Reorganization of Town’s Tourism and Recreation Dept. continues to move forward
Recreation in Mammoth Lakes took one step forward at the Town Council meeting on Wednesday night, and it looks as though the Tourism and Recreation Department could well end up being broken into three pieces going forward into the 2010-11 fiscal year.
Tourism and Recreation Director Danna Stroud presented an organizational chart to the Council at their Jan. 20 meeting. The chart was the creation of the Mammoth Region Recreation Council (MRRC), formed last fall to look at the recreational component of T&R which would be impacted by the proposed formation of a DMO (Destination Marketing Organization).
Members of the MRRC, which had included representatives from the Forest Service, the Town, Mammoth Mountain Ski Area, Mono County, MLTPA, and Friends of the Inyo had started out looking at recreation from a regional perspective. However, by the end of their approximately five meetings, the group realized that Mammoth Lakes recreation and region-wide recreation on public lands would need to be split into two pieces, explained Stroud. The piece that she brought before Council members was the Mammoth-specific piece. The other piece would most likely be some type of Inyo National Forest Association that the Forest Service would have to take the lead in developing.
The idea behind the Mammoth specific piece would be to add an additional organization, currently dubbed Mammoth Lakes Recreation, or MLR, to the Town’s recreation arsenal, Stroud said. Currently, the recreation half of Town’s Tourism and Recreation Department has its hands full just taking care of the core services that residents and visitors expect a town to provide. Services such as keeping the ice rink running and taking care of the swimming pool in the summer are full-time jobs. MLR would be an extension that could be added in order to give the Town an extra set of eyes and ears that would be responsible for dealing with issues, ideas and projects that cross over into lands outside of the Town’s boundaries, but which the Town still has an interest in. For example, Stroud said, MLR could be the project manager responsible for working with outside entities such as the Forest Service on the Lakes Basin Special Study grant. Funding for the MLR could come from Measure R, business sponsorships, and grants, she added.
One member of the public, Sandy Hogan, said she thought that the plan that had emerged from the MRRC, while full of good ideas, was not focused enough on the core services.
“Don’t try to jam both these things into the 2010/11 fiscal year budget,” Hogan suggested. “Put a subcommittee together just to focus on the core services and bring three budget options back to Council. I call this taking care of business and dealing with what we have first before adding something else.”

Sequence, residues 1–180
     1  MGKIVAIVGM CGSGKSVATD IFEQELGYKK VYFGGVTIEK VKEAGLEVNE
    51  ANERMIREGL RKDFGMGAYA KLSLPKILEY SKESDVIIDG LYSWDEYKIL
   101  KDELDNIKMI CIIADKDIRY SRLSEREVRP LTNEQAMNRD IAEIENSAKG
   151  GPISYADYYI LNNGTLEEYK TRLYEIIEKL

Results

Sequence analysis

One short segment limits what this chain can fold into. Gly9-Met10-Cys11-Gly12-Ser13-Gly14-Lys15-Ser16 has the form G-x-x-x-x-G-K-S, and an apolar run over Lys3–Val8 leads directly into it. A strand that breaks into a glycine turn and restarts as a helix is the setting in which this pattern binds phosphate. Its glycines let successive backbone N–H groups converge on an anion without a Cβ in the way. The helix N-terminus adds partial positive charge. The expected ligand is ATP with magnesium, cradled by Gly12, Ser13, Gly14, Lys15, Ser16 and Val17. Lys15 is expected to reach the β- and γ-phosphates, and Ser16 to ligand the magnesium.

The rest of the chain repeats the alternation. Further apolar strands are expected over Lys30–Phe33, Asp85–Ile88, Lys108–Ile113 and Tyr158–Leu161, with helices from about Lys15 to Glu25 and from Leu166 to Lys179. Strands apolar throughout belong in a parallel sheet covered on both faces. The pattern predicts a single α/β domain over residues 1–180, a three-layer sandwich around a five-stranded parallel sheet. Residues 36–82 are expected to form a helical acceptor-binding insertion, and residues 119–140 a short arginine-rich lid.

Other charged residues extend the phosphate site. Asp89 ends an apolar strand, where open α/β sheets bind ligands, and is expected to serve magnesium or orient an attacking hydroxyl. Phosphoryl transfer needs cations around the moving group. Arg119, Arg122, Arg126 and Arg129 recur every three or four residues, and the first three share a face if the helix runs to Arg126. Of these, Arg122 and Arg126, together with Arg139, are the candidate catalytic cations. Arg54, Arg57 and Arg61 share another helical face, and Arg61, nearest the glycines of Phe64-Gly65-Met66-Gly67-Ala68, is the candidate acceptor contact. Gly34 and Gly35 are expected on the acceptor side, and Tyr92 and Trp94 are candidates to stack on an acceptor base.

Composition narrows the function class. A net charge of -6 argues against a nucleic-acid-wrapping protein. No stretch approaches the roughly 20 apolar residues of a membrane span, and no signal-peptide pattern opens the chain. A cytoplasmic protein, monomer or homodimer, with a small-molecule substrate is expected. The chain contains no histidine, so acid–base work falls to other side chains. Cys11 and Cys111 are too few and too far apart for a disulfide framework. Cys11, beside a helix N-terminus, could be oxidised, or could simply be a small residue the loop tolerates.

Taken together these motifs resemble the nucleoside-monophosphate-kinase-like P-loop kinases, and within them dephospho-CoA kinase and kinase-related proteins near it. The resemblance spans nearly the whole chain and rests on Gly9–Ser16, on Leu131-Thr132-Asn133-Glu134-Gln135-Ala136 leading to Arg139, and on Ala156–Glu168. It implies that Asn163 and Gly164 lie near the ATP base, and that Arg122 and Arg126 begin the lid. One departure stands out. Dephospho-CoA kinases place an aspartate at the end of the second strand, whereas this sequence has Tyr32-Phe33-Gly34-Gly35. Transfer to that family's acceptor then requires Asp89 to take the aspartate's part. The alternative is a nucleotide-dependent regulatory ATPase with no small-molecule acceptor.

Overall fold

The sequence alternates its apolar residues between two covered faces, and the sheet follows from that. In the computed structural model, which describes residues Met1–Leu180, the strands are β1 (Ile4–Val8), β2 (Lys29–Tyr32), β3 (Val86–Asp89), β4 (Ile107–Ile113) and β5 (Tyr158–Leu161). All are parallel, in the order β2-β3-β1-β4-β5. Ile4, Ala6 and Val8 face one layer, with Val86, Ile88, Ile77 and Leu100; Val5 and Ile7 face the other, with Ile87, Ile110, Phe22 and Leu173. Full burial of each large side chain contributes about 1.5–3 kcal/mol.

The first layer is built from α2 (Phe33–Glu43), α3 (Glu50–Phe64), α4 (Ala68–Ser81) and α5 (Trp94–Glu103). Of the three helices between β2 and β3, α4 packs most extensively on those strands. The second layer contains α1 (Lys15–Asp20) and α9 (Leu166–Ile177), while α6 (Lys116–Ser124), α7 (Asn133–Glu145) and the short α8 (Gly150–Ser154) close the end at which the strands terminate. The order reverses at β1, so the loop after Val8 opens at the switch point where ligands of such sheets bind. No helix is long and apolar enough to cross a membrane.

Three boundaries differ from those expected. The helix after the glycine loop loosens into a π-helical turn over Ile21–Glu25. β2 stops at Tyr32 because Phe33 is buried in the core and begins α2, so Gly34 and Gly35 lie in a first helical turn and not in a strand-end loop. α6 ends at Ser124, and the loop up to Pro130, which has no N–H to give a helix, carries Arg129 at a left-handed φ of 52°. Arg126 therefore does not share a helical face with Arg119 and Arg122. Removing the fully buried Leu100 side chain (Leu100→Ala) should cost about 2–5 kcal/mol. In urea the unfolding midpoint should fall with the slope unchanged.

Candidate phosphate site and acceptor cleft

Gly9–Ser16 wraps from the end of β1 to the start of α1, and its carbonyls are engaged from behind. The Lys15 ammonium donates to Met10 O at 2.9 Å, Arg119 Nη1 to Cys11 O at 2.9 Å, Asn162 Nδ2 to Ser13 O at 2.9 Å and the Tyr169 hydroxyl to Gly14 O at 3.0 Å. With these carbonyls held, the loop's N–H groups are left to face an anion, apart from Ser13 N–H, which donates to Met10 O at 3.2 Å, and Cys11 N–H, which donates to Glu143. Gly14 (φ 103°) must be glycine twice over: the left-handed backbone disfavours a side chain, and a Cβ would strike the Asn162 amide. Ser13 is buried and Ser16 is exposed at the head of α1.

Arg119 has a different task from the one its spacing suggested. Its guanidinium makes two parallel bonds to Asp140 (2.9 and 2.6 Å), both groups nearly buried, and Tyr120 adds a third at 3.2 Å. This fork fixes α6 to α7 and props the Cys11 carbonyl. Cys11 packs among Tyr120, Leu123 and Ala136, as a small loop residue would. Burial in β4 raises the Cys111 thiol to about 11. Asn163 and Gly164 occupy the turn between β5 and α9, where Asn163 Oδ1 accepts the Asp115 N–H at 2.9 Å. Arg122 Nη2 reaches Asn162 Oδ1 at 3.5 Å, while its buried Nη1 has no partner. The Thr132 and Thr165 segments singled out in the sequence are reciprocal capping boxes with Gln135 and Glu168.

MLTPA Exec. Director John Wentworth, agreed that a subcommittee needed to be put together, but said that such a committee should address both core services and the potential of MLR at the same time. A gap analysis needs to be done to see what the Town’s Recreation Department is already covering and what is falling through the cracks that MLR could pick up, Stroud added.
Wentworth’s interest in the process comes from the potential of MLTPA morphing into MLR. With its contract for services already in place with the Town through Measure R funds, it would just be a matter of taking a look at what MLTPA is currently doing for the Town and what MLR would need to do and reconciling the differences. According to Stroud, MLTPA as MLR would function in a similar fashion to the way Mammoth Lakes Housing functions as an arm of the Town through a contract for services.
And it would save two letters, joked Councilmember Wendy Sugimura.
Council agreed in theory to the separation of core services and MLR, but sent MRRC out to further analyze what the Town’s Recreation Department would be responsible for, and what would fall into the realm of MLR.
On a parallel track, Teri Stehlik, a member of the DMO Board, which has been going through a similar development process for the Tourism side of the Tourism and Recreation Department, explained to the Council that their process is also nearing a conclusion. Both Stroud and Stehlik agreed that the DMO and the MRRC should be ready to report out on their individual developments by the end of February. At that time, the two groups would then need to reconcile with one another in order to come up with an overall plan for the reconstruction of Tourism and Recreation.
Then, Stroud explained, the entire reconstruction plan will be put into the budget planning cycle to determine the final outcome.